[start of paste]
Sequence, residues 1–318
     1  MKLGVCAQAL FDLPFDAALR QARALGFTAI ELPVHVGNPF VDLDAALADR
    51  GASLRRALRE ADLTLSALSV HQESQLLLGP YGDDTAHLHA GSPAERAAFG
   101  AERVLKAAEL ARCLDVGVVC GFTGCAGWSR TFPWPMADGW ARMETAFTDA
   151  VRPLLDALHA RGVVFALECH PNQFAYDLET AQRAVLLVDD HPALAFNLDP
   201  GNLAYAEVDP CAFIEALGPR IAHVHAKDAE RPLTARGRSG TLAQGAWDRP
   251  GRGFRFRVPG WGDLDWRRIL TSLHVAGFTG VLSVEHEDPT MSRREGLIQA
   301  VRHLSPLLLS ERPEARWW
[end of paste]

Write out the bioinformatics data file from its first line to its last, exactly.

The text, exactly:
Sequence, residues 1–318
     1  MKLGVCAQAL FDLPFDAALR QARALGFTAI ELPVHVGNPF VDLDAALADR
    51  GASLRRALRE ADLTLSALSV HQESQLLLGP YGDDTAHLHA GSPAERAAFG
   101  AERVLKAAEL ARCLDVGVVC GFTGCAGWSR TFPWPMADGW ARMETAFTDA
   151  VRPLLDALHA RGVVFALECH PNQFAYDLET AQRAVLLVDD HPALAFNLDP
   201  GNLAYAEVDP CAFIEALGPR IAHVHAKDAE RPLTARGRSG TLAQGAWDRP
   251  GRGFRFRVPG WGDLDWRRIL TSLHVAGFTG VLSVEHEDPT MSRREGLIQA
   301  VRHLSPLLLS ERPEARWW